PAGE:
The Daily Courier from Connellsville, Pennsylvania on February 10, 1938 · Page 3
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February 10, 1938

The Daily Courier from Connellsville, Pennsylvania · Page 3

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Connellsville, Pennsylvania
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Thursday, February 10, 1938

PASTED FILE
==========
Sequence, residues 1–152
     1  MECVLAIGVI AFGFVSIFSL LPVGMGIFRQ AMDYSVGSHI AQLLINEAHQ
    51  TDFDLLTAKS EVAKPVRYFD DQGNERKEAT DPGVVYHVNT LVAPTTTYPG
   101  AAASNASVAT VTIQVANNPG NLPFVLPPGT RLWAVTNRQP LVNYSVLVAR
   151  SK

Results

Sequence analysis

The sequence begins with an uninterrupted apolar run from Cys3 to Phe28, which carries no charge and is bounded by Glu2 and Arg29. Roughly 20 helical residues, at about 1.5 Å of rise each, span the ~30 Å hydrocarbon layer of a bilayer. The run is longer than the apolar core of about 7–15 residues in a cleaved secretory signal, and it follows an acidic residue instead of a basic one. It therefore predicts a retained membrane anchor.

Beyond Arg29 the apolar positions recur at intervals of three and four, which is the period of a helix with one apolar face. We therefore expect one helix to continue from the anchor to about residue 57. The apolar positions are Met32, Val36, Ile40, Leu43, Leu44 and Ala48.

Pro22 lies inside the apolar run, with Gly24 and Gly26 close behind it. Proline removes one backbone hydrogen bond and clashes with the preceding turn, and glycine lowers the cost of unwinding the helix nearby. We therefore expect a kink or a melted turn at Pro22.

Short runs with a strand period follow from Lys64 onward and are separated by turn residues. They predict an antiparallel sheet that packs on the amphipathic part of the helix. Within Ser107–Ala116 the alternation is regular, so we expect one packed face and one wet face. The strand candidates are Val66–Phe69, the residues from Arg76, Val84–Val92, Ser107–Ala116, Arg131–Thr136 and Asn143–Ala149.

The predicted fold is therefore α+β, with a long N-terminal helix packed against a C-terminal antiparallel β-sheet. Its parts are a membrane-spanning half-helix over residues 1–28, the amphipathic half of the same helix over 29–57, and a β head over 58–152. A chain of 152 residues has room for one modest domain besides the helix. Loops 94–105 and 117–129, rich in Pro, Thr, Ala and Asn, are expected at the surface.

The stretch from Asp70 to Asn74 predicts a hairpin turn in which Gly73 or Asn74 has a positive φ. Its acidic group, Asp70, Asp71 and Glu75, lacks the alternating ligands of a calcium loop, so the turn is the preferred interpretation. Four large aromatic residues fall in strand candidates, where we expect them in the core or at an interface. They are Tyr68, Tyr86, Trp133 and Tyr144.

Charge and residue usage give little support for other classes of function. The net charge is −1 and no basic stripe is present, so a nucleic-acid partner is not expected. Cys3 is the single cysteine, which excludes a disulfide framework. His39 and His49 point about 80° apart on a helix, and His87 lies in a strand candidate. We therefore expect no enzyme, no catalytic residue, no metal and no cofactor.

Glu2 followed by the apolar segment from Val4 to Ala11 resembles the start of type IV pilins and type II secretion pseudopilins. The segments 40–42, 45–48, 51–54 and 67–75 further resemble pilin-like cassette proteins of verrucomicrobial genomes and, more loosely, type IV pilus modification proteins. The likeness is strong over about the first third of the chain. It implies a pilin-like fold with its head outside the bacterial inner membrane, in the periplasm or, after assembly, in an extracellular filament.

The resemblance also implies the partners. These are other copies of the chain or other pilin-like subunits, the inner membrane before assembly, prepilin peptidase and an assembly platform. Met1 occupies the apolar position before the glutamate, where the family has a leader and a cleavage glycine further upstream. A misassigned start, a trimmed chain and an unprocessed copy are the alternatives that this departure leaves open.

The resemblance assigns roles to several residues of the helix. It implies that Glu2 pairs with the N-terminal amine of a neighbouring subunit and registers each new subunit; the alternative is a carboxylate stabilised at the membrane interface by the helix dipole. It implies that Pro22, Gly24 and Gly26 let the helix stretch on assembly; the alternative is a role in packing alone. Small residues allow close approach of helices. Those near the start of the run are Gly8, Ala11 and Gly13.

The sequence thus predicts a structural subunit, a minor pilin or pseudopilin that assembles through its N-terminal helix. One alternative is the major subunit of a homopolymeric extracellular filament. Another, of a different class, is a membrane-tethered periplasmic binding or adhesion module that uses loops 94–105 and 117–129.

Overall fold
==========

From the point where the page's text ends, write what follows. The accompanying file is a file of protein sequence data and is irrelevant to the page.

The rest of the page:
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, THURSDAY, FEBRUARY 10, 1938. THE DAILY COURIER, CONNELLSVILLE, PA. PAGE THREE. Congressmen Becoming Newspapermen, Writing Weekly Letters ' WASHINGTON, Feb. 10--Pick a congressman--almost any congressman--these days and you'll find he's turned newspaperman. Congressmen by the hundred have taken to writing weekly "news letters" to the folks back home. The letters, directed to newspapers and constituents cover practically every phase of life in the Nation's capital. Consider the case of one member of Congress who--with the zeal of Nathan Hale--deplored the fact that the day held but 24 hours to be devoted to the interests of his constituents. "This past week," wrote this rep . .?ntative to the weekly newspapers and his friends in a western district, "would have been much better had there been 48 hours in every day instead of the regular 24. Everything seems to come at once. "Trying to attend sessions, listen in on the committee hearings on the big navy bill, finish the last sections of my own farm bill, defend a resolution before the house Judiciary committee, and take care of the regular business of the office has been a real job." Not all the news letters are confined to news. i Some congressmen send out light comment on the famous personages they meet. Others present sidelights on the Washington scene. Here, for instance, is the latest essay of another western representative: "There is so much talk about war that I will write a little war message this time. President Roosevelt has asked the Congress to guard the frontier of the United States with f biggest navy in the Nation's history. Personally I would rather meet the enemy at the border over a good sys tcm of highways than to meet them in the Yellow Sea on the other side of the world. A few bombing planes can blow up a whole fleet of battleships. "Well, we could go crazy thinking about the complicated international relations and the possibility of war, so let's change the subject." From the mimeograph of a southwestern came this chatty column this week: "I had the pleasure of meeting Jimmy Cromwell, who has the distinction of being the husband of the richest woman in the world. "We were lold that he had inherited $50,000,000 in his own right. Although, of course, that is a mere bagatelle as compared with his wife's riches. "The much heralded Cromwell, although undoubtedly well read and intelligent, proved to be a flop. Without his unusual wealth and publicity, the average citizen would not walk a city b'lock to hear him." Another congressman told his constituents that the Senate filibuster against the anti-lynch bill, "like Tennyson's brook, goes on and on." ; Personally," he added, "I think the filibuster Is a fine thing in this case because the bill is an insult to- law-abiding citizens. This country has no more need for such a law than a hog has for saddle- pockets." SCOTT'S SCRAP BOOK- / By R. J. SCOn Pardon Board Tp Consider Mercy Pleas By United Press. HARRISBURG, Feb. 10--Pleas for mercy presented in behalf of four men scheduled to die Monday in Pennsylvania's first quadruple electrocution will be considered by the pardon board in executive session today. Three of the condemned men, Edward Hose, Theodore Duminiak and John Oreszak, Dclawaie county, were convicted of slaying Floyd Tranom, a Ncgto motorist. The fourth, Roy Lockard, Altoona, was sentenced to death for killing three- year-old "Sonny" K^rmendi with a railroad spike. The clemency appeals of all four already have been heard by the board and its recommendations this week probably will be final. A petition signed by 5,000 Chester residents urging clemency for Ores- zak was submitted to the board by John Malina, former State rcprc-v scntativc. Counsel for the 21-year- old Rose asked mercy because of his youth. Lockard, who was convicted 'with Mrs. Margaret Karmendi, mother of the slain child, has been granted numerous respites to allow disposition of two retrials granted Mrs. Karmendi by the State Supreme Court. She finally was sentenced to 10 to 20 years on a second degree murder charge. During his trial Lockard admitted he and Mrs. Karmendi were afraid the baby's "babbling" would reveal their illicit relationship to the woman's husband. Somerset County Home Superintendent Given Pay Increase SOMERSET, Feb. 10.--Salaries of three officials, of the newly created Somerset County Institutional District were announced by the county commissioners. Dr. Charles I. Shaffer, superintendent of the county home and hospital, will receive $4,900 a year. He was elected for two years. He had been receiving $4,800. Attorney Thomas F. Lansoorry, secretary, win receive S1.500 while the solicitor, James B. Landis, will be paid S800 annually. Convicted Picket May Get Parole UNIONTOWN, Feb. 10.--Parole hearing for O'Donnell Collier, Morgantown street, now under sentence in Fayette county jail as a result of picketing in the recent truckers' strike, was set for 10 o'clock Tuesday, February 16, by Judge Harry A. Cottom. Collier was sentenced by ex-Judge Thomas H. Hudson following conviction for assault and battery by a jury which heard evidence In the case brought before the courts by Ewmg Smell, McClcllandtown road, who alleged he had been badly beaten by pickets attempting to halt his car in the vicinity of Hopwood. Hudson ordered Collier to pay the costs of prosecution and serve nine months in county jail "as a warning that the courts will tolerate no violence by pickets in this county." The youth began his sentence December 31. Defense Attorney W, J. Crow told the court "this is the case where there is considerable doubt as to the guilt of Collier as the one who administered the beating to Smell" after the latter had been pursued and stopped by a car filled with pickets that had been on duty in the Hopwood section on that date. Decree in divorce was granted Tuesday by Judge W. Hussell Carr to Bessie Smith, 20, Dunbar, R. D. 1, who, through her mother, Mrs. Sevilla Wingrove, had filed suit against Hervey H. Smith, 35, of Dunbar, R. D. I, whom she married August 2, 1933, in a Wellsburg, W. Va., ceremony. Paper Advertising Best, Says Britisher NEW YORK, Feb. 10.--Sir Charles Higham, English publicist and advertising executor, said newspapers are the best media for advertising. "I know there is a tendency among many advertisers in your great country to employ other means of selling things besides the press but I have yet to meet an advertiser who has made a success without it," he said on his arrival here from Europe. DON'T GET UP NIGHTS irs ABNORMAL. It'* nature's warning "Danger Ahead." Your 23c back U Oils falls. Flush the kidneys as you would the bowels. Drive out waste. Alkalize excess acids. Tills i.clps soothe the irritation that wakes you up, causes frequrnt or scanty flow, buminc or backache. Get juniper oil, buchu leaves, nnd 6 otler drucs made into Krccn tablets, just say BuKCts to any druggist. Locally at A, A. Clarke, drutslit.--Ad Electrical Workers Meet in Charleroi A meeting of employes of the Wcj»1 Penn Power Company was held Friday at the Wellington Hotel in Charleroi under the sponsorship of the International Brotherhood of Electrical Workers, an affiliate of the American Federation of Labor, for the purpose of explaining th National Labor Relations Act and a contemplated program of organization of the company employes. Another meeting has been scheduled for Wednesday, February 16, at the same place at which time it is expected a charter will be issued to establish a local union there". Peter A. Moroncy, international representative of the International Brotherhood of Electrical Workers, is located in the city temporarily. i-r AMON4 -fHE PEASANT A. FES-fiVAJL HELD A UOH H" 1$ IN HONOR FREYA , FOR- PERCH-fEK 1$ ANOlrlER- HA.ME. - AND 1WUSUA1. COS-ruME-5 WORK AR.E A IKCOLN, HIS PREStDEH-r oF-fHE UHtfED "FIP-ST ·To -HAVE -- BU-f A. T=E-W oF-THE- 16 WORE. SlDE.BllR.rVS SlMEOK, R.U1.ER. of I? PlCtUR.EJ OK A. RJE.CEK-T S-TAMP COPYRIGHT. 1«8. KING FIXTURES SYNDICATE. Inc., UQUIO AT NORMAL. -SlfffflS NOTWEf Monessen Authorities Ordered to Pay Costs r Jehovah Witness Case GREENSBURG, Feb. 10-- The Mon- csscn Jehovah Witnesses case rume to a final conclusion when Judge Richard D. Laird filed an opinion ordering Mayor James Gold and Chief of Police Joseph Lcscnnac to complete costs in the case in which they were the defendants and Ira Bird, Jehovah Witnesses teacher, of Fayette county, the plnintifi. Last May 13. a jury returned ft verdict awarding Bird $1 damages in his $25,000 damage suit .igainst Gold and Lescanac for closing his Jehovah Witnesses school and placing him under arrest. Vincent R. Smith, attorney for Gold and Loscannc, after the award, filed papers claiming that his clients would not be required to pay costs exceeding the damages awarded in the case. He pointed to British common law. enacted under King Charles II, to uphold his c.'i.sc. say,nc that the Charles II law was enforceable in Pennsylvania. Judge Laird ruled that the Charles II law was in force in the State, but that it did not apply to the case in question. HEKE'S THE XEW AM AXING Cough Mixture OVKH n.non.000 HOTTLKS SOU) IX CAXAllA Costs nothing to find out *hv IIUCK' I.KV'S, the Alknllne CoURh Mixture. Elves such quick UtUm: relief Recognize the fact uint I1UCK1.KVS t» economical--It Is 3 times at powerful and rffectlvc as ordinary couch ;· rups-- HUCKI.KY'S Is alkaline-- penetrates air passages--soothes--heals--helps ou Instantly to Ret rid of Kcrm-laden phlegm. Put it to the test today. Stop In at your favorite dniK store and find out for our- scll v.hy IIUCKI.KY'S MIXTURE out-i^Ils all other Couch and Cold Remedies In cold-wintry Canada.--Advertisement. Burn's Cut Hate Store. HOW TO HANDLE REPORTER? ONE OF QUESTIONS ASKED ASSISTANCE BOARD GROUP That knowledge of "how to handle a reporter" counts for something in relief circles these days was indicated in some of the written examinations given for job-seekers in the Department of Public Assistance. One of the multiple-choice questions asked: "What would you do if a reporter called and asked for news?" The examinee was given the choice of selecting: (1) Tell him to call back when your superior is there; (2) say that you are not interested, and (3) give him the information he wants. Things being what they are these days, it seems that everybody marked the Arst answer as corect. It hasn't been determined what the "superior" is supposed to say upon his or her return. / Operating Coke Ovens Continue to Fall Of! The receding beehive coke trade in the Conncllsvillc region slumped an additional 51 ovens during the week ended February 5 and there was no avsur.mce that the decline wouldn't continue, according to independent operators today. There were 777 ovens in blast on February 5 as compared with 828 the week previous nj the total dropped to the lowest level in two years. Operations were on * lou.--day week b.isis. Verdict for Plaintiff. GREENSBURG. Feb. 10.--In the suit of Paulino Sosso of South Huntingdon township against George Sokol, a jury .returned a verdict of S607 to Judge J. Hilary Kccnan in favor of tlie plaintiff, a school teacher, who was struck and injured by the defendant's automobile on* the rond between Jacobs Creek and Smithton. We invite the Navy to put on the gloves MAKE THIS TEST I DRINK Budweiser FOR HVE DAYS, i ON THE SIXTH DAY TRY TO DRINK : A SWEET BEER · YOU WILL WANT I Budweiser's FLAVOR THEREAFTER. ; , f~-st=z '· "1 awwci's* i *w" #"* ^ Bme ys In Bottles In Cans A N H E U S E R - B U S C H . ST.LOUIS Officers actually handle the ship with gloves on Saturday inspections. Woe to the sailor if the inspecting officer's white glove shows a smudge after touching something that is supposed to be spotlessly clean 1... Every day is Saturday in the home of BUDWEISER. White tile shines immaculately. Floors are spotless, glass crystal clear. Yes, a white glove will stay white where BUDWEISER is made, because: BUDWEISER is always pure as well as deliriously good. NOTE FOR HOUSEWIVES: A glass of cold BUDWEISER is always a thoughtful compliment to a husband--especially in the evening. Has he ever expected it when there was none in the icebox? Check up on your supply. Keep a carton on hand--and several bottles or cans y of BUDWEISER chilled and ready for instant serving... at unexpected as well as regular occasions. A N H E U S E R - B U S C H l E V E R Y W H E R E Connellsviile BotHing Works, No. IsrSrreet, Wholesalers, Phone 1275 Judge Matthews, Mother Will Be Honored March 1 At Markieysburg Dinner President Judfie Ross S. Matthews of the Fayette County Orphans Court and his mother, Mrs. Josephine Matthews, 80, of Markieysburg, will be honored by residents of Henry Clay, and WJiarton townships and Marklcysburg on Tuesday night, March I, at an old time chicken supper at the Church of the Brethren at Mnrkleysburg. Mrs. Matthews, still strong and hearty despite her advanced age, will be a special guest of honor as friends from all over Fayette county gather to honor their friend. Judge Matthews, hailed as one of Connclls- ville's foremost attorneys for years and one of the first citizens to ever occupy the Kayctte county bench from this city. The dinner in honor of Judge Matthews and his mother i; being planned by native sons of the two townships and borough as the jurist i; a native of that community. Another native son of the mountain district, Robert J. Arnett of Uniontown, will act as toastmnster, while Charles T. Fiock is in ch.irge of ticket distribution for Connclls- villc and Uniontown. Hoss Fike of Markloysbur;; i* general chairman of the arrangements. New Distribution Method Being Used For Fayerte Needy The spector of need that has been menacing /unemployed Fayette county families in recent weeks is being alleviated as the State inaugurates a new method of distributing Federal surplus commodities to families on relief. v After R two months lapse in which no commodities were distributed, trucks have begun to roll out of the Department of Public Assistant warehouse in Pittsburgh to retail stores throughout the county where relief recipients on designated days may call for their allotment of food necessities. The revised program, put into effect by the commodity distribution section of thi department, is designated to eliminate many of the complexities in the former method of handling, speed up deliveries to needy families and effect an estimated savings of 15 per cent. . The program is State-wide and will give the Department of Assistance greater control over the distribution program. Trie department has leaded warehouses in 14 key cities to which it will ship commodities contributed by the Federal Surplus Commodities Corporation. From the warehouses, 60 trucks TMill haul the food to nc'arly 2,000 retail stores for distribution to relief clients. The Pittsburgh zone will care for 10 coun'.ies--Fayette, Greene, Westmoreland, Washington, Armstrong, Butler, Beaver, Lawrence, Mercer and Allegheny. Its warehouses are in TJniontown, Pittsburgh and New Castle. Items already allocated to Pennsylvania include apples, prunes, peas, beans, vegetable shortening and milled rice but other foods will be forthcomirg as the program progresses. Zone Supervisor H. E. Paul, with headquarters in Pittsburgh, said that his district will use 550 retail stores, approximately 350 being in the territory served by the Pittsburgh warehouse. Number of eligible recipients in the zone Is 38,000. Heads of families on relief have been furnished identification cards," which, when presented on designat. 1 days to retailers whose names are on the card, will entitle the families to their c'lai-o of the commodities. Cure Almost Too Drastic. HOBOKEN. N. J., Feb. 10--Resort to the. ancient medical practice of "bleading"--and not suicide--was the object of Mrs. Margaret Connors, 75, when'she cut her fcft wrist.. /or.YOURVALENTINE A Ventured VnlucJ Amethyst Rings Regularly Priced $6.00 to $20.00 $3. 95 The amethyst is the birth stone for all borji in February. Choice of white, greeu and yellow gold mountings. J. M. KURTZ Successor to A. B. KurU. 131 W. Crawford Avc. She'll Be , Expecting FLOWERS This is just a reminder, fellows, that February 14th is the day when your thoughtfulness is put to test. So don't let her down and don't Jet yourself down ... order a lovely Valentine bouquet nowl Oglevee Sons FLOBISXS Cut Flowers Designs 113 South Pittsbnrg Street Phono 424. fS WHO BUYS WHATTOEACCO Like so many other independent experts, Bill Whitley, Tobacco Auctioneer of Henderson, N. C, smokes Luckies VVrriLLIAM D. (BILL) WHITLEY sold OV6T 15 W million pounds of tobacco last year. It's easy to see that he's an expert who knows tobacco. So it's important to you when he says..."At 14 different markets in Georgia, North Carolina, South Carolina, Tennessee and Kentucky, I've seen Luckies buy the best tobacco. I figure it's good tobacco that makes a good smoke. So my own cigarette is Lucky Strike! "I've noticed, too, that independent buyers, not connected with any cigarette manufacturer, smoke Luckies more than any other brand." Mr. Whitley is correct. For sworn records show that, among independent tobacco experts, Luckies have twice as many exclusive smokers as have all other cigarettes put together. Remember: The men who know tobacco best smoke Luckies 2 to 1. HAVE YOU HEARD "THE CHANT OF THE TOBACCO AUCTIONEER" ON THE RADIO f Wh«n you do, r«m«mb«r that luckiM u« th« flimt tobacco. And alto that th« "Toailing" procist r*mov«t certain harsh Irrilanti found In aU tobacco.S» lucldu era kind to your throat. WITH MEN WHO KNOW TOBACCO BESMFS LUCKIES 2 TO]